Puppy Play Biting
Why is my puppy biting so hard?
Almost all normal puppies play bite. They do it to other puppies,
to adult dogs who will let them and to their owners, especially
children. As puppies, they do not know how hard a bite really is
– so they need feedback from all sources to tell them.
The ability to bite without force is rehearsed in puppy hood during
- play biting! Puppies are programmed to play bite so they can learn
about their jaw strength. When one puppy bites another too hard
with those needle sharp teeth, play grinds temporarily to a halt,
which provides a potent consequence to the biting puppy. If you
watch puppies play together, when one bites too hard, the other
YELPS and then walks away from the biting puppy (essentially a time
out). Over time, the puppy learns that in order to keep play going,
the bites must be consistently gentler. Without this constant feedback
about their jaw pressure, puppies are at higher risk to grow up
without acquiring the capacity to inhibit the force of their jaws.
What Should I Do About Puppy Biting?
The best policy for owners of young puppies (age 6 - 18 weeks) is
to allow play biting provided it is not too hard. Hard bites should
result in very loud “ouches” or mother’s yelps
and time-outs, (leave the puppy alone or put him in a "penalty
box" for a minute) – as a consequence. Only when the
puppy has gotten reliable about biting more softly should play biting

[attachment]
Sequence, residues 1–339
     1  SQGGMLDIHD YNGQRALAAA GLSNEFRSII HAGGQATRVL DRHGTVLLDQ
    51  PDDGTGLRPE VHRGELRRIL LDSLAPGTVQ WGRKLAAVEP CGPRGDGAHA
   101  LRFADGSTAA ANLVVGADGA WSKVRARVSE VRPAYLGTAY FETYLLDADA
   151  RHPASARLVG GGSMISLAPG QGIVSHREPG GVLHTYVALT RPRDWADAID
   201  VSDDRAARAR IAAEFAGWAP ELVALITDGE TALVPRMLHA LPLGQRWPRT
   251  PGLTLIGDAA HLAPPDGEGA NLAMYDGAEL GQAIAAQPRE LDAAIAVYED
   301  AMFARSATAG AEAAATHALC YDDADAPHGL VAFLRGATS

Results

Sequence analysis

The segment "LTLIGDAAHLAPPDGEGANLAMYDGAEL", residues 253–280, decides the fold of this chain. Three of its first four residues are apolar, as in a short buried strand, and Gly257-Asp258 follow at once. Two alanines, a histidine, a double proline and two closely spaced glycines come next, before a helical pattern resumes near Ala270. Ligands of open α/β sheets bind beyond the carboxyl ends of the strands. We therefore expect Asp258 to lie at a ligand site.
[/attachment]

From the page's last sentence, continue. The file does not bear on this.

be phased out altogether, by re-directing the puppy to toys and
giving consequences for all bites. It is critical to train your
dog to bite nicely, instead of screaming “no” every
time they bite. This way, the dog has a much better chance of growing
up with good bite inhibition and possibly doing minimal damage if
they ever bite. Free-play with other puppies and friendly adult
dogs is another good forum for puppies to develop bite inhibition.
Is my puppy aggressive?
It is important to be able to identify play biting from aggression.
Aggression biting would be when a dog threatens (growling, snarling,
snapping at hands) and/or bites over possession of food, toys, people
etc or when a dog is uncomfortable in a situation. Puppies can be
aggressive and if your puppy is showing signs of aggression, we
can work together to diagnose what is causing the aggression. Many
kinds of aggression can be resolved and I can work with you on a
case by case basis.